First koala spotted at Jenolan Caves in 48 years
A koala has been spotted in the Jenolan Karst Conservation Reserve in the Blue Mountains for the first time in 48 years, NSW Environment Minister Mark Speakman said today.
A remote-sensor camera used to monitor endangered Brush-Tailed Rock Wallabies snapped the koala twice in the last few weeks.
“The camera captured the koala in both instances in almost the same place, as he repeatedly walked through the gate to enter and leave a fenced yard,” Mr Speakman said.
The NSW Government’s five year, $100 million Saving our Species program is funding ongoing work in the area to protect endangered Brush-tailed Rock-wallabies but, as is often the case, the conservation work has also benefited other species.
“Dog attacks are a serious threat to koalas and they are extremely vulnerable when travelling on the ground between trees, so our ongoing and intensive fox and wild dog control in the area is obviously helping protect Koalas,” Mr Speakman said.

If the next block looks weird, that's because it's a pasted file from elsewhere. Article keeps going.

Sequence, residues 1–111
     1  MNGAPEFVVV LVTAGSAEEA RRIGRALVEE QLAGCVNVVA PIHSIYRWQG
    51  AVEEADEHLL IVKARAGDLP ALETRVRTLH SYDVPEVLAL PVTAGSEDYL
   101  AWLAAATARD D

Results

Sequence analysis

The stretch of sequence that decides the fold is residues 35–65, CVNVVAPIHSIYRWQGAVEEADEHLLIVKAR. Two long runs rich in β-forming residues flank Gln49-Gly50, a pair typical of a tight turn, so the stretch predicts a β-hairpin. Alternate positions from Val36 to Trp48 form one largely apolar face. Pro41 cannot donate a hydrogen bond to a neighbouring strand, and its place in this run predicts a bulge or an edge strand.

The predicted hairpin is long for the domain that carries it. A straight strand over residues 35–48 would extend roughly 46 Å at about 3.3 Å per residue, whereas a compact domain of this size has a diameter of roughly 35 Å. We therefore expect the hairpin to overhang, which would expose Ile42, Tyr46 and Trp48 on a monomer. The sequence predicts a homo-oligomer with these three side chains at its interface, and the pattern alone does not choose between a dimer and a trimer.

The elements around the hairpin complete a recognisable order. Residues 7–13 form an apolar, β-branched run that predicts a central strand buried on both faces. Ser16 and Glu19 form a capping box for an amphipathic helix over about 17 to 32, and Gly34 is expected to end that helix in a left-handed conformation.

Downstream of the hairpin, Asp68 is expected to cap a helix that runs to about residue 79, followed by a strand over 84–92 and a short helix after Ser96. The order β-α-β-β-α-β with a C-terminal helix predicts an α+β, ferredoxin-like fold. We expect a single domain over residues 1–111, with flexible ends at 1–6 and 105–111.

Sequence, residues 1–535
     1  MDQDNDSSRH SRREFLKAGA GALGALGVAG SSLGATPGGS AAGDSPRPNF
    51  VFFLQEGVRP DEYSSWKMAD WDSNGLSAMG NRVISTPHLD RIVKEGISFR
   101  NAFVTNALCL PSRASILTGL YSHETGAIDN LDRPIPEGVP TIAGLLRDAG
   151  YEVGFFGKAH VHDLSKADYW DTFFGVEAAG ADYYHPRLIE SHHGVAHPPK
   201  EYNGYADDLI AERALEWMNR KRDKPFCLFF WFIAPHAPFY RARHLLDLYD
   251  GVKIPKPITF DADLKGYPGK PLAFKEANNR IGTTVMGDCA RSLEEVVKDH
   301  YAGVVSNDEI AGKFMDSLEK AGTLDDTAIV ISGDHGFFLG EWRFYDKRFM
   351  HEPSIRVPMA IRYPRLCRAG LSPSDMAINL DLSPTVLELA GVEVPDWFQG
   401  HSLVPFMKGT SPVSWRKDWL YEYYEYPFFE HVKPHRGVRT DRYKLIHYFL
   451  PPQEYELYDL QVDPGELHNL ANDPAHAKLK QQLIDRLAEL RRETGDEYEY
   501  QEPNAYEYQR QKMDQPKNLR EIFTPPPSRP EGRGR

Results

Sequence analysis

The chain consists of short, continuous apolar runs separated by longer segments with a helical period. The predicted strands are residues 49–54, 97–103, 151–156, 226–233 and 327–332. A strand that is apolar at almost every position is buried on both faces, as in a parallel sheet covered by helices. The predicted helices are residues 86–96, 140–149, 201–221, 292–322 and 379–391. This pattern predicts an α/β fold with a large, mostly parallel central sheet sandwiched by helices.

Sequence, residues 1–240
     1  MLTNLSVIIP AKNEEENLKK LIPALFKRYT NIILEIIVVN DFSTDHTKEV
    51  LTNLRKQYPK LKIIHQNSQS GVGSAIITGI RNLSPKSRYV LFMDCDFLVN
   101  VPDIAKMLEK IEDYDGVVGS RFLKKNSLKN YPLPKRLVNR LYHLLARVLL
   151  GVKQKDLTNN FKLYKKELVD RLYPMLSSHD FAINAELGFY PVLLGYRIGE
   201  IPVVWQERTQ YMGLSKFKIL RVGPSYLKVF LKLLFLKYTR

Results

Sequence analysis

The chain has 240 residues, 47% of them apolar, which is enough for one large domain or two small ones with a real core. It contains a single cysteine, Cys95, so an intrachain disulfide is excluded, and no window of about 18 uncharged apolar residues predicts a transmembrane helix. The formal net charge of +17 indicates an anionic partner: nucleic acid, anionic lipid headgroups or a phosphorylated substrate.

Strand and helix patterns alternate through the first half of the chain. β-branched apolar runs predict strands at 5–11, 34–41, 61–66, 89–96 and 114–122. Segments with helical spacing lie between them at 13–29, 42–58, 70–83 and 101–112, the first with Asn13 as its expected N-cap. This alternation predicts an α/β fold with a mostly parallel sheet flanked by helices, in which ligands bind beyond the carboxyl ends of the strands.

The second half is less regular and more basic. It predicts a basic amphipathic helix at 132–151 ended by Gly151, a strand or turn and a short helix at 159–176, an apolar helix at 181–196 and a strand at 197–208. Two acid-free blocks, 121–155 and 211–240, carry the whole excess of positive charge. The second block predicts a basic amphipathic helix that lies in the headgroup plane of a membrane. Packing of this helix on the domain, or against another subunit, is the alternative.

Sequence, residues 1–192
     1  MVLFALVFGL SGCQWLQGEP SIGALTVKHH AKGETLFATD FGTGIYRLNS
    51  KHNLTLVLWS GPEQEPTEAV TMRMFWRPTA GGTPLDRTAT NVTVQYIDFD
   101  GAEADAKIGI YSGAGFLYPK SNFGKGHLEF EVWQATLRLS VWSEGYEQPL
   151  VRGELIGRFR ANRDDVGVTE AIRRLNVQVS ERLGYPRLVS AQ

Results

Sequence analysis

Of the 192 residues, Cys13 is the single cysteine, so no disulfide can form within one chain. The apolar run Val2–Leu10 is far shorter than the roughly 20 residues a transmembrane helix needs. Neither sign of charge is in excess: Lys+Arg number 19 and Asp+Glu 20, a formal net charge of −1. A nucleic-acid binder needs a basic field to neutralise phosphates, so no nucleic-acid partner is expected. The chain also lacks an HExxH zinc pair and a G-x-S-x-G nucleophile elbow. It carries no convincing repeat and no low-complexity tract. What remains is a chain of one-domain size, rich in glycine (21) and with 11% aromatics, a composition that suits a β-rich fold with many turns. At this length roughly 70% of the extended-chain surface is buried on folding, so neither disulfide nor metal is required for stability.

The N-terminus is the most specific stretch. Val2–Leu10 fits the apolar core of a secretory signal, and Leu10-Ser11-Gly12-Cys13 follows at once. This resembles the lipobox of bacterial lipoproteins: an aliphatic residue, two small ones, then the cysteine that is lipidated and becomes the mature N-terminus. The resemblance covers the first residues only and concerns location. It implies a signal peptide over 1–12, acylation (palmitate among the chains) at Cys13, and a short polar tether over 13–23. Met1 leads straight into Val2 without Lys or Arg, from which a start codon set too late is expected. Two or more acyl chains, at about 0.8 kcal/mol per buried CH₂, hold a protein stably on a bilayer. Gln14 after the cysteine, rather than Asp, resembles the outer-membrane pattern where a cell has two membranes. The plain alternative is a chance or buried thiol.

Office of Environment and Heritage (OEH) Senior Threatened Species Officer Michaela Jones said she was amazed to see him repeatedly walk through a gate to enter and leave a fenced yard.
“He’s obviously pretty clever and sees the gate as the easiest way in and out of where he wants to go,” Ms Jones said.
“He also looks incredibly healthy – quite chubby – so he is obviously doing pretty well living in the area”
The NSW Government recently announced it would embark on a whole-of-government koala strategy to secure NSW koala populations and spend $10 million to acquire vital koala habitat.
A three-month consultation program will be undertaken to help shape the strategy. The consultation will include regional community information sessions, stakeholder meetings and webinars. To comment on the strategy’s direction visit Developing a NSW Koala Strategy.